The Atlantic

The Coming Split in NATO

Trump wants our European allies to build their military strength. What will it look like if they do?
Source: Benoit Tessier / Reuters

One of President Donald Trump’s chief complaints about America’s European allies is that they don’t spend nearly enough on defense; he has again raised the issue on Wednesday at the NATO summit. Granted, Trump is hardly the first American president to point to miserly military spending on the part of fellow NATO member states. This has been a sore spot in transatlantic relations since at least the 1970s. But the vociferousness of his complaints, and his transactional approach to alliances writ large, appears to have had an effect all the same. European powers are thinking harder about how to build their military strength and how they might use it in concert, even in—especially in—cases where the United States won’t be there to lend a hand.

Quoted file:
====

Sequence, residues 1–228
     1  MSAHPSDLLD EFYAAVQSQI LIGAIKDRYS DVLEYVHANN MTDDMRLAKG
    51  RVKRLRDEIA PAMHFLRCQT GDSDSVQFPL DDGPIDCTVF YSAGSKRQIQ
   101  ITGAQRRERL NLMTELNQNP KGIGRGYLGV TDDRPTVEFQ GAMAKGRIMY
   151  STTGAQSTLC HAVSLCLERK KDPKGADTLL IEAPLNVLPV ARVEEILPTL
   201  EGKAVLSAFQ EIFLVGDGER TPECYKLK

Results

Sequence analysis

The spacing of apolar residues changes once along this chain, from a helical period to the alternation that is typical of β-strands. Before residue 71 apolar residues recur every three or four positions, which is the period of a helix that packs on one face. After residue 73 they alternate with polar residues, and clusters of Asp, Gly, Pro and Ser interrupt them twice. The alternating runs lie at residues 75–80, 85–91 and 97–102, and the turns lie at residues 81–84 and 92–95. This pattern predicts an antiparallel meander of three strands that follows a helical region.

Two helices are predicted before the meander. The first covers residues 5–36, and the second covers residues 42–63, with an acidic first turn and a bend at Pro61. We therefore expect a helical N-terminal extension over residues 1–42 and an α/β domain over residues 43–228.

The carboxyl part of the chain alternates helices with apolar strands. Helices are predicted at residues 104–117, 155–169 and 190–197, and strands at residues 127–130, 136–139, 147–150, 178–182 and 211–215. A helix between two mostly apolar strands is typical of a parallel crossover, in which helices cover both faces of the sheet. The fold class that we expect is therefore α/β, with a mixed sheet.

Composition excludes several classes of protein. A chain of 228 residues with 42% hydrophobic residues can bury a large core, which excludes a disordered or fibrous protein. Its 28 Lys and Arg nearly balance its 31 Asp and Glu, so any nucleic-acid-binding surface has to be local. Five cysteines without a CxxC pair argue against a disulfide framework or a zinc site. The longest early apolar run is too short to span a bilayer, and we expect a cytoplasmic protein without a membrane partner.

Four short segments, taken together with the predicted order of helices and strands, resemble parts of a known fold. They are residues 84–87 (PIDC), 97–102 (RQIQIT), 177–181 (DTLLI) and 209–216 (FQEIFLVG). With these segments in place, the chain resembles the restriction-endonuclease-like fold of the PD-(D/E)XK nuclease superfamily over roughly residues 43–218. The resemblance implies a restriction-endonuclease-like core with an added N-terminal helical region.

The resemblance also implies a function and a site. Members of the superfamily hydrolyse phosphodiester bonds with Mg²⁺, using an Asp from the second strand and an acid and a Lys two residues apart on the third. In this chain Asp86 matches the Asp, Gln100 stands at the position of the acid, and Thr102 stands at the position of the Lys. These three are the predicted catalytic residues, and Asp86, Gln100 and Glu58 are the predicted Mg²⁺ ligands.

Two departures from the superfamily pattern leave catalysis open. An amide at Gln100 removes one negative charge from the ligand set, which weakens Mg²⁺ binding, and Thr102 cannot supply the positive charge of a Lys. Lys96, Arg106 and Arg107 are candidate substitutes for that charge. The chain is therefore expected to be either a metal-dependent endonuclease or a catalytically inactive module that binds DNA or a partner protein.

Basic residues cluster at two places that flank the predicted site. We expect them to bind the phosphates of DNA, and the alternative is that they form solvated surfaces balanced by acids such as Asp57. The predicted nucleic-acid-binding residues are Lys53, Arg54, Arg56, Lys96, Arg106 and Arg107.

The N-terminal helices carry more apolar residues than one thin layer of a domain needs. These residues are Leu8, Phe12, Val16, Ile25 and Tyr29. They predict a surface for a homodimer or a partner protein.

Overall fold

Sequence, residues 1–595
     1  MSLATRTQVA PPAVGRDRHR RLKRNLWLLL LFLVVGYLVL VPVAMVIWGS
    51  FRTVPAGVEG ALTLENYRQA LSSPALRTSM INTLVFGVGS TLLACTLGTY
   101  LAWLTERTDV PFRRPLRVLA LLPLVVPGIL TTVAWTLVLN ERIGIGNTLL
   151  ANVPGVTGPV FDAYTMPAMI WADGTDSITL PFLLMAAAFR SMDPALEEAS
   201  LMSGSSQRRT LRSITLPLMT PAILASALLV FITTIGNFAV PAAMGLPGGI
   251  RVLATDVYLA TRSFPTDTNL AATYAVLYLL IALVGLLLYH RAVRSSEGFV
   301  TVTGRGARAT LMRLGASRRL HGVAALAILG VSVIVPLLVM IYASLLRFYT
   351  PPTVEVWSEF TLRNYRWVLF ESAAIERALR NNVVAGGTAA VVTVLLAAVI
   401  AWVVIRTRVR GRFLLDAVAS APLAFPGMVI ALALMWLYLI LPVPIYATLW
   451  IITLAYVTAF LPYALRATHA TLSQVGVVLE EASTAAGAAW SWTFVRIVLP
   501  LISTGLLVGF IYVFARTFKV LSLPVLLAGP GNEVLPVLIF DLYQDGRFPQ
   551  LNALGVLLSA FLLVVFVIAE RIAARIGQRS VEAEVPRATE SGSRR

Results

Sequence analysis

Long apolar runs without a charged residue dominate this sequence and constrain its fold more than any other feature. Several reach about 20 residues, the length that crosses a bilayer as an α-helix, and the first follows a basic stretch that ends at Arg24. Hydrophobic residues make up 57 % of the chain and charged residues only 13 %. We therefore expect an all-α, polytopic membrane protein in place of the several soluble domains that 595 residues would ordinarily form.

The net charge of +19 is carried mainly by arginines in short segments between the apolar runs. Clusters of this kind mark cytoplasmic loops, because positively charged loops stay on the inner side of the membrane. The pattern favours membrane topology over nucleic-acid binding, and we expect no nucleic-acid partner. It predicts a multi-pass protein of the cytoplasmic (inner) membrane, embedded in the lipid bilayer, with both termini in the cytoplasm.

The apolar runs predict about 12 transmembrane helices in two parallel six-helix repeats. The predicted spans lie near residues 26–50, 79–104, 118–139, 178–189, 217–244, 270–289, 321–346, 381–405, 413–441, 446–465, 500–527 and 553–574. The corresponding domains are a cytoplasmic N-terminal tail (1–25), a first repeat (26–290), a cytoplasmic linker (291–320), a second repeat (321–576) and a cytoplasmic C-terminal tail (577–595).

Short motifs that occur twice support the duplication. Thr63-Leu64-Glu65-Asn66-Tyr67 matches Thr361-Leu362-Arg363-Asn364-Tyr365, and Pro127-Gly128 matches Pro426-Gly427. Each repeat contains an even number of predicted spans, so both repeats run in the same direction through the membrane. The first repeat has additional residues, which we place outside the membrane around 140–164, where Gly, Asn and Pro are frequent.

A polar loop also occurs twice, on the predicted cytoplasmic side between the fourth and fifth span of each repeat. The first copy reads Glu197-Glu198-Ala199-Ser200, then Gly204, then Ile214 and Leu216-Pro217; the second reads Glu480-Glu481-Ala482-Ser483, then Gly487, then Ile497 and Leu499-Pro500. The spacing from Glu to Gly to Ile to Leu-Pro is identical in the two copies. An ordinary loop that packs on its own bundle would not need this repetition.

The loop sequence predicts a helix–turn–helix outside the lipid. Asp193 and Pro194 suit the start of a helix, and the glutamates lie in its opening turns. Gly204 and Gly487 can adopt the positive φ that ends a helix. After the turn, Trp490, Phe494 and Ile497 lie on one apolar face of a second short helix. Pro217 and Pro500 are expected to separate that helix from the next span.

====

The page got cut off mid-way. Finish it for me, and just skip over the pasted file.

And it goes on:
In his seminal 2002 essay “,” Robert Kagan, the esteemed foreign-policy analyst, warned of

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